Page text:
And so it’s almost kind of like a checklist of things that need to be done.

And so it can be as basic as step one, navigate to data studio.google.com, step two, open a fresh dashboard, step three, and sort of like listing out the steps because that’s essentially what code does.

Code is just a different kind of language that outlines step one, step two, step three, up until the output.

And so a standard operating procedure, which isn’t code is essentially doing the same thing.

It’s the set of steps that somebody does in a repeatable way to get to the same outcome time after time, after time, it’s a recipe.

You know, step one, preheat your oven.

Step two, mix all your wet ingredients.

Step three, mix all your dry ingredients, step four, mix them all together.

Step five, shove your shove all the cookies in your face.

Christopher Penn 13:43

standard operating procedures that are essentially code for humans.

Katie Robbert 13:47

Yeah, basically, I mean, it’s call it a recipe, call it a, you know, set of instructions, you know, whatever you want to call it, to make it something that, you know, you can wrap your head around, that’s essentially all it is, it’s a set of steps that somebody follows to get from start to end with a set outcome in mind.

So it’s like building furniture or building a house or even doing laundry, you can follow you could argue that there’s a procedure for that, step one, open the washing machine door, step two, put clothes in Step three, shut door, step four, add soap, you know, and then obviously, there’s variations depending on what type of washing machine you have, or the kind of laundry that you do and whether it’s darks or lights or delicates or you know, whatever.

But those variations are so small that you know, you’re the process is meant to be adaptable for any different kind of scenario.

But ultimately, the goal is to make it as efficient as possible to get from A to B.

Christopher Penn 14:50

How much detail is too much detail like if you’re reading out instructions for laundry, opening the washer door to me seems like too much detail.

Like, if you can’t figure that part out, you probably should not be using the washer like, you know, do not put gasoline in plastic shopping bags seems like a pretty straightforward thing that if you don’t know that, you probably shouldn’t be using a gas pump.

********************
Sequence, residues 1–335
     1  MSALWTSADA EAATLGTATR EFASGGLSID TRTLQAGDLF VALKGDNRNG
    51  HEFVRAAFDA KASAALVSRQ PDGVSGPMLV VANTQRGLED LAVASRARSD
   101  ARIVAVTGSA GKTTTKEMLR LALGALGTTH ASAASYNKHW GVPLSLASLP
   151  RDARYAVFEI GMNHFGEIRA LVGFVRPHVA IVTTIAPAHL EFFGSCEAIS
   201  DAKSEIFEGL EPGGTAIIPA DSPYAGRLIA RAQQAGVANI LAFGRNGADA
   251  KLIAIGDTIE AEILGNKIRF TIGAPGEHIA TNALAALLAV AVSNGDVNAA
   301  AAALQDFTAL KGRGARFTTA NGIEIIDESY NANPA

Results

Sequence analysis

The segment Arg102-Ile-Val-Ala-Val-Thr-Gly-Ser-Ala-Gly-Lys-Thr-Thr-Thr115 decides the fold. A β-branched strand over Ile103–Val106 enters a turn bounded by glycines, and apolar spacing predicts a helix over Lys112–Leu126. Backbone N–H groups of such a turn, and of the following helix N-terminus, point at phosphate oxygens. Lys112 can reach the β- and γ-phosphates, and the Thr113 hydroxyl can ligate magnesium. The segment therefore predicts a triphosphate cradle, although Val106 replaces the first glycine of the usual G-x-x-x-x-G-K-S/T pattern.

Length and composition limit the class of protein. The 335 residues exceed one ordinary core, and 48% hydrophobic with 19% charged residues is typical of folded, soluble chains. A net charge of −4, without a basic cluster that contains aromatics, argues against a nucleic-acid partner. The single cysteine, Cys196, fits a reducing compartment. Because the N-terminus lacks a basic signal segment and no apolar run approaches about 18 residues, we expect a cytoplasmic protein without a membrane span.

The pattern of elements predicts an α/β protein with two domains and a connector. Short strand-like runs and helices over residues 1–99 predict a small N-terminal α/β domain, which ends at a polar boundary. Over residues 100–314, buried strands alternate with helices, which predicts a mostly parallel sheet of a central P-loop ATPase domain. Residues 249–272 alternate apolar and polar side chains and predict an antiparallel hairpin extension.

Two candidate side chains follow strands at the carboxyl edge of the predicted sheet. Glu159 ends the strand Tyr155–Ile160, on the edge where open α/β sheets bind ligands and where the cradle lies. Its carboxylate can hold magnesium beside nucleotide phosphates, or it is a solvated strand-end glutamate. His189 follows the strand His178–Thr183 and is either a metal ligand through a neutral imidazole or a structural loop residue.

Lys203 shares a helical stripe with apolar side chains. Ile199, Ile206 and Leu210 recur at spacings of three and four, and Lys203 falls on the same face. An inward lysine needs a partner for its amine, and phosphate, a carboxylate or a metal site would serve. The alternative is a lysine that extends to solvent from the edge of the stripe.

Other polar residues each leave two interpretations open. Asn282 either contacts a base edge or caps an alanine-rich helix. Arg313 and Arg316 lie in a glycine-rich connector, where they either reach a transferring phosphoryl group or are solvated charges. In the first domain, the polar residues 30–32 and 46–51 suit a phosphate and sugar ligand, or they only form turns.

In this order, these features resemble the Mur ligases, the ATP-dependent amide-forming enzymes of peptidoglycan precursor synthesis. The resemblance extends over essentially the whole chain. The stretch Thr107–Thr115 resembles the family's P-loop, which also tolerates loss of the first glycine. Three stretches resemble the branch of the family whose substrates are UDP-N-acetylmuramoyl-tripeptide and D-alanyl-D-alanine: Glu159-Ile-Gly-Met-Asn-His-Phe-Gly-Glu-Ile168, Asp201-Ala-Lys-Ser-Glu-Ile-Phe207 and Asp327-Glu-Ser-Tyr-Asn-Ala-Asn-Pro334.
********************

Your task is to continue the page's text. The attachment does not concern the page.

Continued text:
The same thing when I look at code, like there’s some things that I document extensively, like I Oh, this is the part that breaks like, if this isn’t right, this whole thing falls apart.

Other things like, you know, make bars blue, to me is like, does that need documentation?

Katie Robbert 15:28

So this is, this is where this actually starts to fall down is those assumptions, Chris.

And so what happens is you’re going into it assuming a certain level of knowledge.

And that’s actually the incorrect way to do it.

Because that’s where people start to get confused of like, Well, you didn’t tell me to make it blue.

So I’m not going to go ahead and make a blue, I’m just going to leave it whatever default color is supposed to be.

And then someone goes, Well, that’s wrong.

And so the way that you should be approaching it is the lowest common denominator of understanding of how to complete a task.

And so it might sound like, Oh, well, if you don’t know that you’re supposed to open the washing machine, before you put the clothes in, like, you’re making the assumption that someone has ever done laundry before in their life.

And so you want to be able to create a set of instructions for anybody to be successful, regardless of their skill set.

And so, you know, if someone has done laundry before, then they’ll probably skip the first few steps.

Or they’ll just use the standard operating procedure as a guideline to say, Okay, I genuinely know how to do laundry, let me just double check and make sure that I’m doing it the correct way.

So same thing with code.

If somebody doesn’t know, to first open up the system, then, you know, they probably never done it before.

But they’re like, okay, I’ve coded before, I know which system to go to, I know, the different commands to navigate, I just need sort of that gut check of the thing.

And so you can’t make the assumption that everybody knows what you know.

And that’s where process development tends to fall down and not be successful.

Is that, that thinking that well, that’s obvious.

So I don’t even have to say it.

You’d be surprised how not obvious it is the majority of people?

Christopher Penn 17:15